Laura Nielsen for Frontier Scientists –
At the southern end of Kodiak Island, like gems hidden among the rocks of Cape Alitak, you can find petroglyphs carved into stone. These petroglyps are engraved images of faces, people, animals, spirals and shapes.
Sven Haakanson, the executive director of Alutiiq Museum, works to document these petroglyphs. You can watch short films about his work; start with FrontierScientists’ vodcast ‘The Appearing and Disappearing Petroglyphs of Cape Alitak’ (direct from FrontierScientists or on FSyoutube). If you visit Kodiak, Alaska, you can also admire Alutiiq Museum’s exhibit ‘The Cape Alitak Petroglyphs’. The stone carvings of Cape Alitak featured in the vodcast and exhibit are anywhere from 250 to 1500 years old. These petroglyphs are exposed to the elements and, though they are slowly being worn away by the sea, Sven’s ongoing research aims to document them thoroughly.
What makes these rock art discoveries–and their preservation through rubbings–important and exciting? It’s the universality of the myriad faces, dancing people and whales. Preserved, they not only represent a portion of the rich cultural heritage of the Kodiak Island area but also remind us how similarities between human beings cross both time and cultural boundaries. The face carvings are reminiscent of the emoticons we see in internet- text communications today. Expressing mood and human features through symbols is an enduring tradition.
The carvings frequently look cheerful, even whimsical. Chipping away rock takes effort, and for a people to leave such approachable artwork carved into ocean-side stones is just one way in which the Alutiiq ancestors left evidence of their deep respect for the sea. Overlooking the waters off of Kodiak Island, the petroglyphs are heritage personified in art. As the vodcast points out, the petroglyphs make great inspirations for present-day artists, who re-imagine the past in their new works. These carvings represent heritage and a link to modern-day creativity; furthermore, the petroglyphs are a means of sharing stories.
My personal favorite segment of ‘The Appearing and Disappearing Petroglyphs of Cape Alitak’ is Sven Haakanson’s mention of Sedna, the spirit goddess. In the petroglyphs shown she is represented by a carving of a woman with holes through her hands. It is said that Sedna gathers animal spirits; some animal spirits pass back through the holes in her hands. Sven interprets this as the message: “Don’t take more than you need.” Words to live by.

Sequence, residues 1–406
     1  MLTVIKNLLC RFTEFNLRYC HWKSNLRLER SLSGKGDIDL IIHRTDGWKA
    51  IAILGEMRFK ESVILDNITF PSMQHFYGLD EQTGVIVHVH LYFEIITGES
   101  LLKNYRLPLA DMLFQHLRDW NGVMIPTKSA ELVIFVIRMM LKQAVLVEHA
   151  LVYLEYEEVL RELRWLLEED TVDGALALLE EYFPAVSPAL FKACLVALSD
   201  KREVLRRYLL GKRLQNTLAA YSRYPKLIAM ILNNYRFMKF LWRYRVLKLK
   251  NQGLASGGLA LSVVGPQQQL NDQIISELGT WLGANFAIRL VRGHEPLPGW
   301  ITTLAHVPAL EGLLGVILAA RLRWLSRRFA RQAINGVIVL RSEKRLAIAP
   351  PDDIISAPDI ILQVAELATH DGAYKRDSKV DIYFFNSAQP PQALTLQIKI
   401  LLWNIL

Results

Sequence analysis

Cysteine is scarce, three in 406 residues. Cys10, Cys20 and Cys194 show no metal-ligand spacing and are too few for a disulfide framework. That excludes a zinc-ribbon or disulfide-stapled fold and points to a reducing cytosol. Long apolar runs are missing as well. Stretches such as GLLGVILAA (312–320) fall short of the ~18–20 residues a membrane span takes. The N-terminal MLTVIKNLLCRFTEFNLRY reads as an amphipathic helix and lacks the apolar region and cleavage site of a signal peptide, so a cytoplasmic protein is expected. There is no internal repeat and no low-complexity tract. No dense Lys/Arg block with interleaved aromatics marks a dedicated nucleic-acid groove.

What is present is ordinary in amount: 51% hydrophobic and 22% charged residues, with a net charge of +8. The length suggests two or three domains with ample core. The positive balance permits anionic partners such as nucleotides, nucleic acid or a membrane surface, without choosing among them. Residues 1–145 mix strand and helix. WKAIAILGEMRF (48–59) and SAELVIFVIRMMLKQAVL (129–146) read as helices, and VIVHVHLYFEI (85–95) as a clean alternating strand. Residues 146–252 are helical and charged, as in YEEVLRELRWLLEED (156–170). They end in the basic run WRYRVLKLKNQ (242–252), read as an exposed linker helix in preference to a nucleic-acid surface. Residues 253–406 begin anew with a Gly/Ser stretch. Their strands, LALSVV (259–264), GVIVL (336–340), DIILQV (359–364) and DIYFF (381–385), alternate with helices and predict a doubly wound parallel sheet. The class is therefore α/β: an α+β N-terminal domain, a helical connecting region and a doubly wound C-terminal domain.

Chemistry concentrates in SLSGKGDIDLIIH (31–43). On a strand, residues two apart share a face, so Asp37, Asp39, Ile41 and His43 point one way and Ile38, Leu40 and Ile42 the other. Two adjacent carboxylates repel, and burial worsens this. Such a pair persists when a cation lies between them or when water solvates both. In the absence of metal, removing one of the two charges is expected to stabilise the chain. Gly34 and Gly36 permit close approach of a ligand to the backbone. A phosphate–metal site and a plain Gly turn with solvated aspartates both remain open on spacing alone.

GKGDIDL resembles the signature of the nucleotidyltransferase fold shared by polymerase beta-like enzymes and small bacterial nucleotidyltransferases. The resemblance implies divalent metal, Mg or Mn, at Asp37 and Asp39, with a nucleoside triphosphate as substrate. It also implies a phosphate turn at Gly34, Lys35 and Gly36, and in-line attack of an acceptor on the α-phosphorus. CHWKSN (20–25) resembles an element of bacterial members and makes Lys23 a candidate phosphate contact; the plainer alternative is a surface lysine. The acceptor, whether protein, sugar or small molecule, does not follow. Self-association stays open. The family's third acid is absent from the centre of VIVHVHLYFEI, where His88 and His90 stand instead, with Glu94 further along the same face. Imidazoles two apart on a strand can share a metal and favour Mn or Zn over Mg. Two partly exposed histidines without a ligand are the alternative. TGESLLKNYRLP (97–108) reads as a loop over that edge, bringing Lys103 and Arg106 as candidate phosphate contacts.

If you find mythology as fascinating as I do, consider reading the goddess Sedna’s story (search: Sedna (mythology)). There are a number of versions of this creation myth, all rather fateful and all genuinely interesting. Reading just one should introduce new concepts to your imagination. (…Ever wonder where sea creatures came from?) Sedna’s story is indeed a tragic one. After reading a version of the tale, you might wish to listen to Canadian singer/songwriter Heather Dale’s song ‘Sedna’. Yet another example of how Arctic traditions inspire beautiful cross-cultural artwork.
There are similar themes present in much of the mythos from all across the world. It is amazing. Much like the approachable faces among the petroglyph carvings, those echoing themes and the emotions drawn up by the wildly-diverse yet still somehow unified tales mean something: they show our shared human nature. The petroglyphs of Cape Alitak may be far from the place where you live, engraved on the stones of the last frontier long ago. The tales they tell and the human emotions they portray, though, might just hit delightfully close to home.
Frontier Scientists: presenting scientific discovery in the Arctic and beyond